Sept. 14th the Petaluma Area Pilots Association had a very informative speaker at their monthly meeting. The AME (aviation medical examiner) gave a good description of his side of the equation on obtaining and keeping our medicals. The subject is especially germain since none of us are getting any younger and loosing one’s medical must be a very sad event.
Basically the doc can pass, suspend or defer our medicals when health issues or medications get in the way of what the FAA will accept. The very best place to look up medications and or health issues is on the AOPA web site. They define what meds can fly and which can’t. If something comes up (like a cataract) and you do not pass your medical your medical will be suspended. After surgery you will need a letter from your eye doctor stating what your new vision is and that you are able to go back to flying. You must obtain these papers. The papers will be sent to Oklahoma where they will give the seal of approval.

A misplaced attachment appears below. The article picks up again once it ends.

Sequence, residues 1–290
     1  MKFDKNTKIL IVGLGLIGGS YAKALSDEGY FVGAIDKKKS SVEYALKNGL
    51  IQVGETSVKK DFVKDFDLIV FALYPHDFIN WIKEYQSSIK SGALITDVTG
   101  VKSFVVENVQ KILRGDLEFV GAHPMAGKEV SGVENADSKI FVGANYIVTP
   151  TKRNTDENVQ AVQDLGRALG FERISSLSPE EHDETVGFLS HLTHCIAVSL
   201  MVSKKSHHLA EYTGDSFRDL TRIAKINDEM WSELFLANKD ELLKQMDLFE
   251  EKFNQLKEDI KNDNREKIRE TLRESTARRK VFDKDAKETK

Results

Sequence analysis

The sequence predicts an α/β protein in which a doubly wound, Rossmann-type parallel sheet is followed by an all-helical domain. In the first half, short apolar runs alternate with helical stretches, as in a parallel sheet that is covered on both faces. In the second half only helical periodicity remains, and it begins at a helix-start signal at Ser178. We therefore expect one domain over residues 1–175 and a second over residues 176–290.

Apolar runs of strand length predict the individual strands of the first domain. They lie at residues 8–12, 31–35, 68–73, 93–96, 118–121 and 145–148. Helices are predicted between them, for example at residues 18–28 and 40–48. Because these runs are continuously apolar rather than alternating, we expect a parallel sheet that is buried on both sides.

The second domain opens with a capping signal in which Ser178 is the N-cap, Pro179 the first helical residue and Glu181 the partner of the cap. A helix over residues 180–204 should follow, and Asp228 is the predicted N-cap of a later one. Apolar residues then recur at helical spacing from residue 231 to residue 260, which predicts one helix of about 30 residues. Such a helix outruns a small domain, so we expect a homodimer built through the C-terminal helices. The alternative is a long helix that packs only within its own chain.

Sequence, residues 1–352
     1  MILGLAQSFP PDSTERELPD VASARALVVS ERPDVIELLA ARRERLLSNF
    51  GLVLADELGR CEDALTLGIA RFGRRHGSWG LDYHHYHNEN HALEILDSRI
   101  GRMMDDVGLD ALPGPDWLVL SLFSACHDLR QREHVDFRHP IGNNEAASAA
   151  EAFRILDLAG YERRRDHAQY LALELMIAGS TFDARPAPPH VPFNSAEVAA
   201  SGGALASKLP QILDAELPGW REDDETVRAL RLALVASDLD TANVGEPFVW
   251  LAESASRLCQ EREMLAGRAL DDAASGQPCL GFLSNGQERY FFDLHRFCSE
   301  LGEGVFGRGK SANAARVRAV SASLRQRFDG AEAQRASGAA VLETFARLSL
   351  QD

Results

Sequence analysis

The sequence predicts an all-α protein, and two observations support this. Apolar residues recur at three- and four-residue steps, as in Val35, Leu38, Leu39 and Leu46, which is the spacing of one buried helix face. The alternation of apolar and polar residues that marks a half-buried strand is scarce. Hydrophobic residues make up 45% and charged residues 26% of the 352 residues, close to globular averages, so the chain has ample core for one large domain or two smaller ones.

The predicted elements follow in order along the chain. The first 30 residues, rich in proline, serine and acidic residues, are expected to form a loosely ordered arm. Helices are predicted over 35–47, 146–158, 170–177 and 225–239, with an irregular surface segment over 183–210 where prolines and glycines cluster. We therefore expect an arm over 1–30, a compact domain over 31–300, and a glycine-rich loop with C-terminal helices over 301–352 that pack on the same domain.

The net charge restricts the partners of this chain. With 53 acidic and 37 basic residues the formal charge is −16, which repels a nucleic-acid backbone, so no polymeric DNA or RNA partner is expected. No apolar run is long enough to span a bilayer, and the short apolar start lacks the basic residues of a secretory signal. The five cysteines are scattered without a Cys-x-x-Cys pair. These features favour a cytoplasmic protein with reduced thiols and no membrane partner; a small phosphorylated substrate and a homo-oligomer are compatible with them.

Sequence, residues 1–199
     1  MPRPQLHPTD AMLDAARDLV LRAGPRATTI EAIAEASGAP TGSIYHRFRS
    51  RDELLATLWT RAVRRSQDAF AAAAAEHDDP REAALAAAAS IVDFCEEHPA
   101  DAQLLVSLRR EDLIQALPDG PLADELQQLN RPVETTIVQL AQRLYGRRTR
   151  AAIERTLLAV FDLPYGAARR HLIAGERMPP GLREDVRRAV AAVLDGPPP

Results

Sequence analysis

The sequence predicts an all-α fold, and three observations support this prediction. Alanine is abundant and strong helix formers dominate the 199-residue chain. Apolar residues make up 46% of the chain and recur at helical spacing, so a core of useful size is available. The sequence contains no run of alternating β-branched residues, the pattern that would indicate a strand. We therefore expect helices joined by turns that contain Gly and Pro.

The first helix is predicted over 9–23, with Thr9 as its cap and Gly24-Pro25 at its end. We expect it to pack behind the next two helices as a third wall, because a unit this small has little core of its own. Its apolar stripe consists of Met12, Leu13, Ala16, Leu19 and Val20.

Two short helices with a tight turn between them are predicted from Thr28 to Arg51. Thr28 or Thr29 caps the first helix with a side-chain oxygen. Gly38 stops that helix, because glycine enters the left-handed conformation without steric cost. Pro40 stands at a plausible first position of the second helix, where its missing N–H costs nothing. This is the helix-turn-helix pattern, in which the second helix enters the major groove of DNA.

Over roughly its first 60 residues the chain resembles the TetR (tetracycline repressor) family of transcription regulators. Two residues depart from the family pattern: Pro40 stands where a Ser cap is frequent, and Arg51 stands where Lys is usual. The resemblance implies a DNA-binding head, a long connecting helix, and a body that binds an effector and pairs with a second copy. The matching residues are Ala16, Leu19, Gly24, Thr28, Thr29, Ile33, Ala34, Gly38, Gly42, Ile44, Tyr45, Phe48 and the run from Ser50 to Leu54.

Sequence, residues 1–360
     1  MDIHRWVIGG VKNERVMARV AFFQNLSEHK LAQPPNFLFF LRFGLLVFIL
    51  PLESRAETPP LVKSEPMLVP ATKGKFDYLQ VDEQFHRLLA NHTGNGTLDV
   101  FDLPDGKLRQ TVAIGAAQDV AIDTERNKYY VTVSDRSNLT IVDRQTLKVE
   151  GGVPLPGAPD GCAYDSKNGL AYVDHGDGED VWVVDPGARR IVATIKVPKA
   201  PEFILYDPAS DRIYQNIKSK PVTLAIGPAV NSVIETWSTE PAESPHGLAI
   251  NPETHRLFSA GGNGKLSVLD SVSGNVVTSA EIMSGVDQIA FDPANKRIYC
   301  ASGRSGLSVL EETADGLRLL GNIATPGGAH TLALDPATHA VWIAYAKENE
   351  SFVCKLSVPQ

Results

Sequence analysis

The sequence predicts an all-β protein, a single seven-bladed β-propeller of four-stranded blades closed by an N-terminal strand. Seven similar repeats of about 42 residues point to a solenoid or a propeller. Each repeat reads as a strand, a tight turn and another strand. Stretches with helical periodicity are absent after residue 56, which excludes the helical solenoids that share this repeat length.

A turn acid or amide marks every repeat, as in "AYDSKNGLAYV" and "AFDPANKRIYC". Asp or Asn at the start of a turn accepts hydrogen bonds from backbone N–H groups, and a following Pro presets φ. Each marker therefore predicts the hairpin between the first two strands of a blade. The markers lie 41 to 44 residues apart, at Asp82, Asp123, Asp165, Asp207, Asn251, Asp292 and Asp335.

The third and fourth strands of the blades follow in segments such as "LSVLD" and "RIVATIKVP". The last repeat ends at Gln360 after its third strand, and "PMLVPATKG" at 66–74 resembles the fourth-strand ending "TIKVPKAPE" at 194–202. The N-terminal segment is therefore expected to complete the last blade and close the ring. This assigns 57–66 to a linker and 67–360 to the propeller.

If something comes up between medicals and you voluntarily suspend your flying, get treat- ment/cure, you still must obtain papers from your medical provider stating what happened, how it was treated and that you are safe to fly. Take these papers to your AME to back up any questions.
AGAIN- if something comes up, check the AOPA web site for medication questions. You can go back to your medical provider and insist on a different (acceptable) med to keep you airborne.
IF the unfortunate happens you can still fly ‘light sport aircraft’ as long as you don’t fail a medical. (meaning you never go back to fail a medical) ‘Light sport’ aviating only requires a drivers license. But in saying that it is all our responsibility fly safely. Options are having another pilot fly as ‘pic’ with you or flying with an instructor. The very best option, of course, is staying healthy!
Watch out for long flights, do some isometrics or stretch! Pulmonary edema is so common in long cross country flights.